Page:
La Scène au Prince de Galles
Scallop tartare with sorbet.
Stephanie le Quelles team
For the third destination, me and Anna chose different restos. She made a pit stop at Stephanie le Quellec headed restaurant La Scène au Prince de Galles. She got her hands on some delicious scallop tartare with sorbet. Her Final Word: Great flavors and beautiful presentation.
Kei and his team working hard
As for me, I headed over to Japan…not literally of course. But I wanted something a little different from the direction we had been going in. That’s where I found Kei, aptly named after its head chef whom originated from Japan. The chef’s story is much like anyone who falls in love with the idea of Paris. Came to learn and never left. The line for Kei was long, but I knew it would be worth it. And boy was it! Now I had every intention on getting Japanese food, because I assumed that’s what would be offered. Well, you know what assume does, it makes an a** out of you and me, padonmy French. In fact, Kei’s menu isn’t stuck on any particular region at all. It’s focused more on the balance of flavors and what combinations work together in order to make your stomach happy. So when I saw he offered some gnocchi with truffle sauce, I had to try it. The presentation was beautiful, flavors were perfect and I was fully satisfied after consuming the dish. Final word: Really good cooking going on in this kitchen. A must!
La Tour D’Argent
Duck sausage with homemade ketchup.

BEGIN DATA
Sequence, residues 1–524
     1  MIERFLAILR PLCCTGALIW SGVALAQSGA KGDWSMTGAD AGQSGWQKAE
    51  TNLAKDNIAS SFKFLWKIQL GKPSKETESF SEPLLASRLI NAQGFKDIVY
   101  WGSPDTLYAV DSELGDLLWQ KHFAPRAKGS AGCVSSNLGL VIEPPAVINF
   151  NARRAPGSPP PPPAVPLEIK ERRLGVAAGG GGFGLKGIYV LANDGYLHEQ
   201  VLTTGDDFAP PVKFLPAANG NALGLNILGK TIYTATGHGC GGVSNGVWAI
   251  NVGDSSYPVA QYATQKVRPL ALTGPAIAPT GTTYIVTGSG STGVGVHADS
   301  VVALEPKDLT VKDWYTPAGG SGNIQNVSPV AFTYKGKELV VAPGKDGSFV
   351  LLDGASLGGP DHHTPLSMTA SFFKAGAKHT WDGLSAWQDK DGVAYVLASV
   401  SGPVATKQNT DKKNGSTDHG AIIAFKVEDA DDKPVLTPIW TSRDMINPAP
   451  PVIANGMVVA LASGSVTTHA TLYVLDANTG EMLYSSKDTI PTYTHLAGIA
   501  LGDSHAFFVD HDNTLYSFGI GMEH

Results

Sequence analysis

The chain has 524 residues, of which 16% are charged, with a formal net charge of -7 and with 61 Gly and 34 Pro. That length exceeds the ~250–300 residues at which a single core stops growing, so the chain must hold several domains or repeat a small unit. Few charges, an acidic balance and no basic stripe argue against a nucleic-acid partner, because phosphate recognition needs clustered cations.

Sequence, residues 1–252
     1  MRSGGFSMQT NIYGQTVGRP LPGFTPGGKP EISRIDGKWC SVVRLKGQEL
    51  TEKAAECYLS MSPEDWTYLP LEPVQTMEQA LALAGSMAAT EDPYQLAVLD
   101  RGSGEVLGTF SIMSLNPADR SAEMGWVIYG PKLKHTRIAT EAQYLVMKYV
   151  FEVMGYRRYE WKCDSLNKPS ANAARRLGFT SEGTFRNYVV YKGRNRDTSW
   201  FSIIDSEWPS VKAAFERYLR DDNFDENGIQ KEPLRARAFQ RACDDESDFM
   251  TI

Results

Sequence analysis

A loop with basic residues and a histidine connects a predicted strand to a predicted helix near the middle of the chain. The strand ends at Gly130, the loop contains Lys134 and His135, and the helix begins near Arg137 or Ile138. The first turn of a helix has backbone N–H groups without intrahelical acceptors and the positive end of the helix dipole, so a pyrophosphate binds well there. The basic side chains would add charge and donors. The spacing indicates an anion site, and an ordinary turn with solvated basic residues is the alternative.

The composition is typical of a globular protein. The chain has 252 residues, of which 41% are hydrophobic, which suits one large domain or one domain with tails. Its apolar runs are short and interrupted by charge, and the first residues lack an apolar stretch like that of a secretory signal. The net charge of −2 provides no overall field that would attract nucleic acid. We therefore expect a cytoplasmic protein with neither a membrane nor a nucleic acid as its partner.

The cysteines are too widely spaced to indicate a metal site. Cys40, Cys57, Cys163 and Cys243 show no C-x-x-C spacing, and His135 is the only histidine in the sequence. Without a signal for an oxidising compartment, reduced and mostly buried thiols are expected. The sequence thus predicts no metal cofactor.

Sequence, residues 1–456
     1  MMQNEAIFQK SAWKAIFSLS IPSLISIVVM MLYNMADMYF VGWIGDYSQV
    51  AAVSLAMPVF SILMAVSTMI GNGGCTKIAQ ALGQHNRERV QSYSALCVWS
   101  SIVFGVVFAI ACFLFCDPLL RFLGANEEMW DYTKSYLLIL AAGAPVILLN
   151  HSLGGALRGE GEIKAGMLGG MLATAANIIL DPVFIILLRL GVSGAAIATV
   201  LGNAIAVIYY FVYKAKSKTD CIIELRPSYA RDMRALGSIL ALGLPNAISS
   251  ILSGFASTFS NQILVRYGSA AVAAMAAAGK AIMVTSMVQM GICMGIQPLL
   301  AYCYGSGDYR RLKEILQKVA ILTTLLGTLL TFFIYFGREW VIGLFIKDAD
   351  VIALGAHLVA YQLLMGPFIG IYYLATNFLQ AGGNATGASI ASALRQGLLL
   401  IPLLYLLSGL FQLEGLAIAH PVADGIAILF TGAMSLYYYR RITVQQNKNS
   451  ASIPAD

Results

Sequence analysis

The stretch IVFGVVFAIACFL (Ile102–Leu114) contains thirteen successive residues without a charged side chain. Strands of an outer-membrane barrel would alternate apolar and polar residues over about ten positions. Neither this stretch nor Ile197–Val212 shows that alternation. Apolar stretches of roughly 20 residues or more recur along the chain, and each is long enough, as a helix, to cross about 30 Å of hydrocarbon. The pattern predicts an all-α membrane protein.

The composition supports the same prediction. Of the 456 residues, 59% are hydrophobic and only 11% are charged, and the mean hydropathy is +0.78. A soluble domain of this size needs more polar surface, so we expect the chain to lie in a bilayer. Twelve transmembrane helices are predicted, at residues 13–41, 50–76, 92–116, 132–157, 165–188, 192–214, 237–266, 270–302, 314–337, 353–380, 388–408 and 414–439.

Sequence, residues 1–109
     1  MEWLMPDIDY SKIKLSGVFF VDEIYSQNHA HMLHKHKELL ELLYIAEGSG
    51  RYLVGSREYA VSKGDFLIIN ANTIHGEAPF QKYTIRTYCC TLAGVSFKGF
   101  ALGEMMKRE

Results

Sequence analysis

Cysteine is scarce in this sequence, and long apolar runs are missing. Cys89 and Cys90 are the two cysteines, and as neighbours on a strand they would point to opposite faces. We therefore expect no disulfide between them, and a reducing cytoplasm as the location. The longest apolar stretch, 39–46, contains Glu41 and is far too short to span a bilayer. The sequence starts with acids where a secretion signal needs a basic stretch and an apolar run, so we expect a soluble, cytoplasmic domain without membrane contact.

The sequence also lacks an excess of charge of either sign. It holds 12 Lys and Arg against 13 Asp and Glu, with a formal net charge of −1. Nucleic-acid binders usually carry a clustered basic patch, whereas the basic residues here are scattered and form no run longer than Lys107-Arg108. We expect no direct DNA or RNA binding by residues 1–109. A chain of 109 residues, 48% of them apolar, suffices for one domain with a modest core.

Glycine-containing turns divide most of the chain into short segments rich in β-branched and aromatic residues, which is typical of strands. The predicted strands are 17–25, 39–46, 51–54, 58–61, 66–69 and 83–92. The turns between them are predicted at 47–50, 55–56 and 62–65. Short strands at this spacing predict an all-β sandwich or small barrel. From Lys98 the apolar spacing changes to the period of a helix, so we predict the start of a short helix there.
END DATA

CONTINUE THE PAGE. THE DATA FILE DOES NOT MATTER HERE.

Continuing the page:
Still room for more I headed to the historic Parisian restaurant La Tour D’Argent. Now headed by chef Philippe Labbé, the fabled restaurant dates all the way back to 1582. Never losing it’s French soul, most dishes are very traditional and amazingly delectable. I chose the duck sausage with homemade ketchup. Really delicioso! Final word: A typical French dish, made by one old institution of a restaurant, it had no choice but to be good.
Tomy & Co
Tapioca with strawberries, cocoa, and Cambodian sugar
Chef Tomy ready for the pic
Chef Tomy & Co
Tomy & Co
Tony & Co stand
Now on my card I still had enough left for dessert. After some searching I settled on Tomy & Co. Off bat I loved head chef Tomy Gousset. He noticed me taking photos and was all for posing and getting that exposure. My camera didn’t capture his thumbs up or big smile, but I still managed to capture some good images. On top of that, his pop-up stand had graffiti on it. Readers know good and well I love my graffiti! Now, about my delicious dessert. An appetizing blend of tapioca with strawberries, cocoa, and Cambodian sugar, we had a winner! Final word: It’s refreshing to find a cook who can update their native dishes to reflect the palettes of a wider audience.
La Tour D’Argent
Raspberries with petite beurre cookies, crème brûlée jelly and ice cream
Anna went with La Tour D’Argent for dessert. Hers looked just as sweet as it tasted. Offering a simple delight reminiscent of most French children’s childhood. She was served raspberries with petite beurre cookies, crème brûlée jelly and ice cream. Her final word: Less is more.
Band for Taste of Paris
Hungry, why not check out the chefs I discussed and reserve a table via the links below!
Guy Savoy website – guysavoy.com
Les Fables de la Fontaine website – lesfablesdelafontaine.net
La Scène au Prince de Galles website – la-scene-restaurant.fr
Kei website – restaurant-kei.fr
La Tour D’Argent – tourdargent.com
Tomy & Co. website – eater.space/tomy-co